One of the most influential TV shows of the 1990s, the first series of Twin Peaks has lost none of its quirky and queasy power to get under your skin and haunt your dreams. Without its groundbreaking mix of convoluted plotting, complex character interactions, surreal fantasy sequences and a continuous story arc, we would probably not have had The X-Files, The Sopranos, Six Feet Under or even The League of Gentlemen. So brew up a pot of some "damn fine coffee", dig into some cherry pie, and lose yourself in David Lynch and Mark Frost's murder mystery-soap opera, which unfolds, in one character's words, "like a beautiful dream and terrible nightmare all at once". Twin Peaks was a pop culture phenomenon, for this first series at least, until the increasingly bizarre twists and maddening teases so confounded audiences that they lost interest in just who killed Laura Palmer (Sheryl Lee). This series was also a career peak for most of its eclectic ensemble cast, including Kyle MacLachlan as straight-arrow FBI Special Agent Dale Cooper, Michael Ontkean as local Sheriff Harry S Truman, Sherilyn Fenn as bad girl Audrey Horne, Peggy Lipton as waitress Norma Jennings and Catherine Coulson as the Log Lady. On the DVD: Twin Peak, Series 1 comes as a four-disc set that contains the original pilot plus the first season's seven episodes (inexplicably, the pilot episode was omitted on the American Region 1 DVD release, but is reinstated here). Special features include episode introductions by the Log Lady, commentaries by assorted episode directors (but not Lynch), and features from the archives of the fanzine Wrapped in Plastic. The 4:3 picture has been digitally remastered, and is now accompanied by a Dolby 5.1 soundtrack. --Donald Liebenson

  • The Doors [Blu-ray] [1990] The Doors | Blu Ray | (18/04/2011) from £5.49  |  Saving you £19.50 (78.00%)  |  RRP £24.99

    Dramatic biopic focusing on the progression of one of the most influential rock bands ever; The Doors, as well as the private life of lead singer Jim Morrison and his relationship with his girlfriend Pamela Courson (Meg Ryan). From three time Academy Award Winner Oliver Stone (Platoon, JFK). Extras“Back to the Roots” - An exclusive documentary highlighting the journey of one of the most influential bands in rock and roll history. “Jim Morrison - A Poet In Paris” – The last moments of Jim Morrison in Paris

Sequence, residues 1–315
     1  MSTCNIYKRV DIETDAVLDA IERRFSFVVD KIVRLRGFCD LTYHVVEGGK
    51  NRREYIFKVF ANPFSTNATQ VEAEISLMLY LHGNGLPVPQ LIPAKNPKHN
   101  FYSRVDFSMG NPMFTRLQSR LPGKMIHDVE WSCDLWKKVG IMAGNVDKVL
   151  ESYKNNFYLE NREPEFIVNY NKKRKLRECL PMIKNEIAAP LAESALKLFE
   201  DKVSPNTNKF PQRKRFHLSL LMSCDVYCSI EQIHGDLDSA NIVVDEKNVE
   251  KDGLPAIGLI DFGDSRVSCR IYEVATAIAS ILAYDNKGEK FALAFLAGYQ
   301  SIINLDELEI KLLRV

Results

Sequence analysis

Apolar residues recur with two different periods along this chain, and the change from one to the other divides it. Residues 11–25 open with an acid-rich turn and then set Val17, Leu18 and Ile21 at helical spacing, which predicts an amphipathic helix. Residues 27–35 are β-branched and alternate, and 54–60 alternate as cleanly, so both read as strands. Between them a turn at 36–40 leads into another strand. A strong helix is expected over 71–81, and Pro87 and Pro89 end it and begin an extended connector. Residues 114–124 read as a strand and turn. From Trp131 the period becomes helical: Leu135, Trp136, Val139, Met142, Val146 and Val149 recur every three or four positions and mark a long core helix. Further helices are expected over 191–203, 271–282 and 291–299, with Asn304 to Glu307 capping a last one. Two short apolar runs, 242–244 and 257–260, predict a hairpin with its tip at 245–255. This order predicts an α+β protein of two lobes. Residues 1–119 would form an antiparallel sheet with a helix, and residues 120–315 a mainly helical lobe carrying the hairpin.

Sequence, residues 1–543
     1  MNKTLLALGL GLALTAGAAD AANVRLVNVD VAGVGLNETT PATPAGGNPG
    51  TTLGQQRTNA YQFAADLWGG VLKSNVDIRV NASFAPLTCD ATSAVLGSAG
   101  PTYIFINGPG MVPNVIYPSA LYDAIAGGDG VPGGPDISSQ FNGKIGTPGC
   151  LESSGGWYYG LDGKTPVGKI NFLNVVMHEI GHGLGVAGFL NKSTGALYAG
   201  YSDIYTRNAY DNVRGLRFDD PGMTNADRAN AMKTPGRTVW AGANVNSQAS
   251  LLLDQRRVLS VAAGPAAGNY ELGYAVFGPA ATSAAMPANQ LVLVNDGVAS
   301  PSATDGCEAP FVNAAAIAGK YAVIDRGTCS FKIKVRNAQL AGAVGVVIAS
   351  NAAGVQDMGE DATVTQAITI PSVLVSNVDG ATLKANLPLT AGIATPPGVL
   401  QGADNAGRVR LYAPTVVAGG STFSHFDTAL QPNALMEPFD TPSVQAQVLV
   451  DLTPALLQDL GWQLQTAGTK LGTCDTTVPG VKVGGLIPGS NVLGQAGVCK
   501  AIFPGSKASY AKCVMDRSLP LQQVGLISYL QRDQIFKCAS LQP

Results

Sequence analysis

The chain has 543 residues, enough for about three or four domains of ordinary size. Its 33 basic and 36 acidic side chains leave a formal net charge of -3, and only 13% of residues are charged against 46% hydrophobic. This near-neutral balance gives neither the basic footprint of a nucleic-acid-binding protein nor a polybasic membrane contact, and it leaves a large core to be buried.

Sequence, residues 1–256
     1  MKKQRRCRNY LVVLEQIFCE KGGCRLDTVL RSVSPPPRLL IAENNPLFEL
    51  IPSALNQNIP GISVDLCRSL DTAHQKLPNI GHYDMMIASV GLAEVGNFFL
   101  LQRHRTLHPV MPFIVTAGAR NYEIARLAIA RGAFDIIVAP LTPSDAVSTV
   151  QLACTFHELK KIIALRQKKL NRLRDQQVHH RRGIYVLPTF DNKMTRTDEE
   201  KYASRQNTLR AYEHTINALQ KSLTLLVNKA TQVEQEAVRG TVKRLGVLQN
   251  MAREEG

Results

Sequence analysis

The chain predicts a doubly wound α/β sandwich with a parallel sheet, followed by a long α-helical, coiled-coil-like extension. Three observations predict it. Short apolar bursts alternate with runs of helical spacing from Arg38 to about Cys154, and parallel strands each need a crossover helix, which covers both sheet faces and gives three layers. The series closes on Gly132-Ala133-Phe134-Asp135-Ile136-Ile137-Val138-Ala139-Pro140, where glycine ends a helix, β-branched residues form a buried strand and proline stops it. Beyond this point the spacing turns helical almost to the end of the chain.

• Dune--Special TV Edition [1984] Dune--Special TV Edition | DVD | (23/10/2000) from £5.50  |  Saving you £9.56 (47.80%)  |  RRP £19.99

    Dune: Special TV Edition is an extended US network television version prepared in 1988 from David Lynch's 1984 film of Frank Herbert's classic science fiction novel, Dune. The original cinema release of this complex tale of interplanetary intrigue was heavily shortened and this 176-minute TV edition should not to be confused with Lynch's still unreleased three-hour-plus "Director's Cut". In fact Lynch disowned this TV version, replacing his director's credit with the infamous pseudonym Alan Smithee and his screenplay credit with the name Judas Booth (a combination of two notorious traitors). What the network did was add 35 minutes, about 15 minutes in the first two thirds, which in the cinema cut is in any case superbly paced, and around 20 into the final 40. This latter material does help balance the frenetic rush of the cinema cut, restoring important scenes such as Paul Atreides' fight with Jamis, a Fremen funeral and Jessica Atreides' taking the "Water of Life". What primarily alienated Lynch was the imposition of a folksy, sometimes laughable narration, as well as the replacement of the original prologue with a far longer sequence explaining the Dune universe via pre-production paintings. This TV edit is a travesty of what, in the "Director's Cut" at least, is probably a great film, and is really only worth seeing to get a glimpse of the material Lynch was forced to remove. The unconnected mini-series, Frank Herbert's Dune (2000) does a far better job of telling a more complete version of the story. On the DVD: There is a fold-out colour booklet which contains a wealth of stills, a reproduction of the original cinema poster and a worthwhile essay on the original film that avoids any discussion of the TV version it accompanies. On the disc there is only the original theatrical trailer. The superb cinematography is ruined by the panned and scanned 4:3 image, which is grainy and has poor colour fidelity. It is also soft, lacking detail and washed-out, probably a result of being converted from American NTSC TV format video rather than coming directly from an original film print. Certainly the DVD of the cinema version looks far better. The audio is thin mono, completely failing to do justice to how fantastic a post-Star Wars 40-million-dollar science fiction epic should sound. --Gary S Dalkin

  • The Doors - Special Edition [1991] The Doors - Special Edition | DVD | (17/02/2003) from £8.61  |  Saving you £11.38 (56.90%)  |  RRP £19.99